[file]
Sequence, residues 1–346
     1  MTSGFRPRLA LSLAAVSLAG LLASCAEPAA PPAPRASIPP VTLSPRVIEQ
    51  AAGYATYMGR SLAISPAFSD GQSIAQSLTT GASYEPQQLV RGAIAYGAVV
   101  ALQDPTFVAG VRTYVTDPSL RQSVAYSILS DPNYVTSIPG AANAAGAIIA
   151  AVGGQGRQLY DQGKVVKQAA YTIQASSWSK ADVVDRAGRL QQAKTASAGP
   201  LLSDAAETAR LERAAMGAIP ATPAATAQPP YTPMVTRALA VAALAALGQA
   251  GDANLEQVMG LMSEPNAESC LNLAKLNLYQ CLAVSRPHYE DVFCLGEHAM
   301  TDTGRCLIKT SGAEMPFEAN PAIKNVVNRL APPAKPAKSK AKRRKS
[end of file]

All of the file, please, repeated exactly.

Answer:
Sequence, residues 1–346
     1  MTSGFRPRLA LSLAAVSLAG LLASCAEPAA PPAPRASIPP VTLSPRVIEQ
    51  AAGYATYMGR SLAISPAFSD GQSIAQSLTT GASYEPQQLV RGAIAYGAVV
   101  ALQDPTFVAG VRTYVTDPSL RQSVAYSILS DPNYVTSIPG AANAAGAIIA
   151  AVGGQGRQLY DQGKVVKQAA YTIQASSWSK ADVVDRAGRL QQAKTASAGP
   201  LLSDAAETAR LERAAMGAIP ATPAATAQPP YTPMVTRALA VAALAALGQA
   251  GDANLEQVMG LMSEPNAESC LNLAKLNLYQ CLAVSRPHYE DVFCLGEHAM
   301  TDTGRCLIKT SGAEMPFEAN PAIKNVVNRL APPAKPAKSK AKRRKS